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The place where the world comes together in honesty and mirth.
Windmills Tilted, Scared Cows Butchered, Lies Skewered on the Lance of Reality ... or something to that effect.

Monday, March 6, 2017

The Daily Drift

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Carolina Naturally
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Today in History

Ferdinand Magellan discovers Guam.
The Missouri Compromise is enacted by Congress and signed by President James Monroe, providing for the admission of Missouri into the Union as a slave state, but prohibits slavery in the rest of the northern Louisiana Purchase territory.
After fighting for 13 days, the Alamo falls.
Giuseppe Verdi’s opera La Traviata premieres in Venice.
The Supreme Court’s Dred Scott decision holds that blacks cannot be citizens.
While campaigning for the presidency, Lincoln makes a speech defending the right to strike.
The USS Monitor left New York with a crew of 63, seven officers and 56 seamen.
Over 100 suffragists, led by Susan B. Anthony, present President Chester A. Arthur with a demand that he voice support for female suffrage.
Louisa May Alcott dies just hours after the burial of her father.
Aspirin is patented following Felix Hoffman’s discoveries about the properties of acetylsalicylic acid.
A would-be assassin tries to kill Wilhelm II of Germany in Bremen.
German Prince Wilhelm de Wied is crowned as King of Albania.
The Allies recapture Fort Douaumont in France during the Battle of Verdun.
A Communist attack on Beijing results in 3,000 dead and 50,000 fleeing to Swatow.
In Spain, Jose Miaja takes over Madrid government after a military coup and vows to seek “peace with honor.”
British RAF fliers bomb Essen and the Krupp arms works in the Ruhr, Germany.
Cologne, Germany, falls to General Courtney Hodges‘ First Army.
Winston Churchill opposes the withdrawal of troops from India.
During talks in Berlin, the Western powers agree to internationalize the Ruhr region.
Upon Josef Stalin’s death, Georgi Malenkov is named Soviet premier.
The Swiss grant women the right to vote in municipal elections.
The United States announces that it will send 3,500 troops to Vietnam.
President Lyndon B. Johnson announces his plan to establish a draft lottery.
Nixon imposes price controls on oil and gas.
Iran and Iraq announce that they have settled the border dispute.
Islamic militants in Tehran say that they will turn over the American hostages to the Revolutionary Council.
Reagan announces plans to cut 37,000 federal jobs.
The British ferry Herald of Free Enterprise capsizes in the Channel off the coast of Belgium. At least 26 are dead.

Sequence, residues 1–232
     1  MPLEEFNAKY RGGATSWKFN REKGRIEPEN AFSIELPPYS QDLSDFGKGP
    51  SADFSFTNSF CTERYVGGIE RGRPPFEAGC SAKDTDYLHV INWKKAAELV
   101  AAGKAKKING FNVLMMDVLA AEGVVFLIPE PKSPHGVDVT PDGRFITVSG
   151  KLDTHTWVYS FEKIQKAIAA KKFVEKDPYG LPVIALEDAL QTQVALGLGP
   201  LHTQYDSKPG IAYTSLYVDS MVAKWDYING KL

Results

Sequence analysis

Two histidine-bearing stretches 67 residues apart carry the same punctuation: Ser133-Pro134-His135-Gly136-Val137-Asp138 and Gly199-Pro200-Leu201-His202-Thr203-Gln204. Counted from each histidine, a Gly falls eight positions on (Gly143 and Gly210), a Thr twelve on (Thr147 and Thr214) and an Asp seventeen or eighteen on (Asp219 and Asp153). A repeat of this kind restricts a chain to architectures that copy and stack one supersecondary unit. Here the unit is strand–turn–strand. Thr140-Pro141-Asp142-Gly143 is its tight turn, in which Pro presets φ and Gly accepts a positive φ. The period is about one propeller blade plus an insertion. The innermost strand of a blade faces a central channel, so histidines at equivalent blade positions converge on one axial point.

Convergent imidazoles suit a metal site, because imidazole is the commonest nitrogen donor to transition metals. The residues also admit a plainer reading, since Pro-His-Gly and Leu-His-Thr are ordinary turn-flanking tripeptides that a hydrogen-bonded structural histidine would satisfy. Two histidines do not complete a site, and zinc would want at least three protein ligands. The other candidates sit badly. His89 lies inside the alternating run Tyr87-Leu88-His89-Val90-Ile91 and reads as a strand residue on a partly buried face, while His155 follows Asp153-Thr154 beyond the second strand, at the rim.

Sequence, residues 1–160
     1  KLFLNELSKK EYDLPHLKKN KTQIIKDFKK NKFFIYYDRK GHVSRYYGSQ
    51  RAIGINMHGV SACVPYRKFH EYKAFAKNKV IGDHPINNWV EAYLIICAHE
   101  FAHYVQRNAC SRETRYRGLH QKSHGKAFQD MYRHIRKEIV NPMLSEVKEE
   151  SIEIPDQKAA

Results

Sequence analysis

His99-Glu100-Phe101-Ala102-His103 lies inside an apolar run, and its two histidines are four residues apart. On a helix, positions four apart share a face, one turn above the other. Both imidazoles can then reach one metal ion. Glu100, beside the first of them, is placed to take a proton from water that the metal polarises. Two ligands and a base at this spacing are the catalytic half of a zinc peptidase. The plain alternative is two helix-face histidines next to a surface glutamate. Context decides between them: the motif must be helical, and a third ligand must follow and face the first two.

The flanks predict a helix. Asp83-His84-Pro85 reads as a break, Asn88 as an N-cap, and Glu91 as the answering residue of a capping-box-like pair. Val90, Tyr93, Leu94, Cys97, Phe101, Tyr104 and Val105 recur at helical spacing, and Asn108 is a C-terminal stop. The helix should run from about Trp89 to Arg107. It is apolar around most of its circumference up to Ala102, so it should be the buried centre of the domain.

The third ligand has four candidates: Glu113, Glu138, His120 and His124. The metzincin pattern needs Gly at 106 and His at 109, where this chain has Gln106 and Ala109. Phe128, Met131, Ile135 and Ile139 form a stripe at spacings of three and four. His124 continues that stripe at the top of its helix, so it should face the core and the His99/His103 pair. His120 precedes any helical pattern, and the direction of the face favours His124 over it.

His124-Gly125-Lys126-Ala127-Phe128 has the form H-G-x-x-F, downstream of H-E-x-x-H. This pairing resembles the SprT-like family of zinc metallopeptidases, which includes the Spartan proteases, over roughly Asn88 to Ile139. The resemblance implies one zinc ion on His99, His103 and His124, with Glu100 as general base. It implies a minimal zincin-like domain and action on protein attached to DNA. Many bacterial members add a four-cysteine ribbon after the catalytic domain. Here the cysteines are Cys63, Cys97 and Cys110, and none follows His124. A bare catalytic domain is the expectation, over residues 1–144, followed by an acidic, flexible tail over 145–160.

How to Remove a Stripped Screw

Just about everyone has had to deal with a stripped screw at one point and depending on how bad it's stripped, the process can be pretty simple or infuriating. Fortunately, thanks to Instructables, now you can try five methods to deal with a stripped screw, which should make the process a lot less frustrating. A simple rubber band can help in most cases, but sometimes you need something a little more extreme. I've actually had to use the "cut a notch" method before and while cutting the notch can be a pain, the removal afterward can be world's easier.
So check out the full list of ideas on Instructables.

Storing data on DNA may not be practical, but it's possible

What can thought experiments teach us about how the brain works?

Spreadable Coffee

There's nothing better than a nice fresh hot cup of coffee in the morning. If you love coffee that much, you might want to try it on your toast! Or not. When people talk about coffee that's way too strong, they sometimes say it sticks to the roof of your mouth like peanut butter. That's the joke I thought of when I heard that spreadable coffee is now available in Japan.
According to Curazy, Snow Brand Milk is releasing a spreadable version of its coffee to mark the 55th anniversary of its release.
If you’ve ever had Snow Brand Milk’s Coffee, you’ll know it’s rather creamy and sweet, so it should make a good toast spread.
Ah, so it's from a milk company! The "spread" is probably mostly milk and sugar with some coffee in it for flavoring. That might not be bad at all, if you like that sort of thing.

It's Hard To Make Healthy Choices

When people who are dedicated to losing weight and getting in better shape are told they need to make healthy choices they try their hardest to put the fried fast foods aside in favor of fresh, low fat choices.But, as this Toonhole comic shows, it's super hard to make healthy choices when you're ordering from the drive thru, so you'll have to start walking in to grocery stores to buy healthier grub, plus exercise!

Everything Is a Lie

sleep apps ruining sleep

Sleeping too much is bad for your mental health

Secret Countries You May Not Have Heard Of

The idea of a secret country is at once perplexing and terrifying, and makes people wonder who they're allied with and what they're trying to hide.
But their secret status typically just means the country is not yet officially recognized, and these young countries are eager to make a name for themselves.